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Publication numberUS6293137 B1
Publication typeGrant
Application numberUS 09/564,742
Publication dateSep 25, 2001
Filing dateMay 4, 2000
Priority dateMay 4, 2000
Fee statusPaid
Publication number09564742, 564742, US 6293137 B1, US 6293137B1, US-B1-6293137, US6293137 B1, US6293137B1
InventorsWen-Chau Liu, Huey-lng Chen, Hsi-Jen Pan
Original AssigneeNational Science Council
Export CitationBiBTeX, EndNote, RefMan
External Links: USPTO, USPTO Assignment, Espacenet
Hydrogen sensor
US 6293137 B1
Abstract
In this invention, we propose a high-sensitivity Pd/InP hydrogen sensor. First, a n-type InP semiconductor membrane is grown on a semi-insulating InP substrate. The concentration and thickness of this membrane are 21017cm−3 and 3000 Å, respectively. Then, Pd metal and AuGe alloy are evaporated on the surface of the membrane as the anode and cathode electrodes, respectively. Due to the catalytic performance of Pd metal, the adsorbed hydrogen molecules on the surface of the Pd metal are dissociated into hydrogen atoms. The hydrogen atoms diffuse and pass through the Pd metal and form a dipole layer at the interface between the Pd metal and the n-type InP membrane. This dipole layer will decrease the depletion width of the n-type InP membrane and further lower the metal-semiconductor Schottky barrier height. Therefore, the current-voltage (I-V) characteristics will be modulated after the introduction of hydrogen gas.
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Claims(12)
What is claimed is:
1. A hydrogen sensor comprising:
a semiconductor substrate made of a semi-insulating InP material;
a semiconductor film made of an n-type III-V Group compound material formed on said semiconductor substrate; and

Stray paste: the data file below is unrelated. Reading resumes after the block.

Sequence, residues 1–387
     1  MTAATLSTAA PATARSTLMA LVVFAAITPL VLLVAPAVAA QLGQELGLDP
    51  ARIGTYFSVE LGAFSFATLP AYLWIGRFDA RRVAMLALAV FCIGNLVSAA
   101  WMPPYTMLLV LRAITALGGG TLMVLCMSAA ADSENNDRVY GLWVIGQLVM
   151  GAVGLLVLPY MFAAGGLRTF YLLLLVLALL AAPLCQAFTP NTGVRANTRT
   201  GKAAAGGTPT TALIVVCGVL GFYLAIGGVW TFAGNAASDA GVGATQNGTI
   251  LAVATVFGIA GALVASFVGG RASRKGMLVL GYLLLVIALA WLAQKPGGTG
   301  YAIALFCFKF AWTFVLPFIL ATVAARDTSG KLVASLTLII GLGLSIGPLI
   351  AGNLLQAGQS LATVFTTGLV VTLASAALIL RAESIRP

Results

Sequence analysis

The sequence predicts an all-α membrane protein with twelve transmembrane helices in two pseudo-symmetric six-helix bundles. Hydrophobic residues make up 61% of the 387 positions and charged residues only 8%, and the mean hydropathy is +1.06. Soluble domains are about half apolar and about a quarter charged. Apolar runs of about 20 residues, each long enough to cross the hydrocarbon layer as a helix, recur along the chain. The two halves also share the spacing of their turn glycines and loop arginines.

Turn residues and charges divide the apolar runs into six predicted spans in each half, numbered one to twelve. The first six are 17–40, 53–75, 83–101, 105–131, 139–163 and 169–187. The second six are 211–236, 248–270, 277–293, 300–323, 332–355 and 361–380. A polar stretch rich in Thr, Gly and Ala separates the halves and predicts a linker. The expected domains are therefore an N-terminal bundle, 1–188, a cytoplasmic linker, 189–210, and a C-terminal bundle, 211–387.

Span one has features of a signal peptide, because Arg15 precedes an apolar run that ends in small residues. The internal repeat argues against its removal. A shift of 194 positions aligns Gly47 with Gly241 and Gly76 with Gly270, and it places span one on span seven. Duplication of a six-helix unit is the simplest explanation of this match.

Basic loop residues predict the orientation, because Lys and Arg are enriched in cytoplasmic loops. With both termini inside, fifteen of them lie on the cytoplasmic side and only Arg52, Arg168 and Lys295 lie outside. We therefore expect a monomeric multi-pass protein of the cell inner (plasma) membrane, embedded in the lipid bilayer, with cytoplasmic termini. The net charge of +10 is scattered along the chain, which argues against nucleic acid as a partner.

an anode and a cathode formed on a same surface of the said semiconductor film and isolated from each other, wherein a first metal as said anode forms a Schottky contact with said semiconductor film and a second metal as said cathode forms an Ohmic contact with said semiconductor film, wherein a thickness of said first metal and a material of which said first metal is made enable a Schottky barrier height of said Schottky contact to decrease when hydrogen contacts an exposed surface of said first metal.
2. The hydrogen sensor according to claim 1, wherein the material and the thickness of said first metal enable hydrogen to be dissociated into hydrogen atoms when the hydrogen is adsorbed with the exposed surface of said first metal, and said hydrogen atoms diffuse through said first metal, so that said Schottky barrier height decreases.
3. The hydrogen sensor according to claim 1, wherein said semiconductor film is n-type InP.
4. The hydrogen sensor according to claim 3, wherein said n-type InP has a doping concentration of 11016 to 51017 cm−3.
5. The hydrogen sensor according to claim 3, wherein said n-type InP has a thickness of 1000 Angstrom to 5000 Angstrom.
6. The hydrogen sensor according to claim 1, wherein said first metal is Pd or Pd alloy.
7. The hydrogen sensor according to claim 6, wherein said first metal is Pd.
8. The hydrogen sensor according to claim 7, wherein said Pd has a thickness of 2000 Angstrom to 5 micron.
9. The hydrogen sensor according to claim 1, wherein said second metal is an alloy of AuGe.
10. The hydrogen sensor according to claim 9, wherein said alloy of AuGe has a thickness of 3000 Angstrom to 5 micron.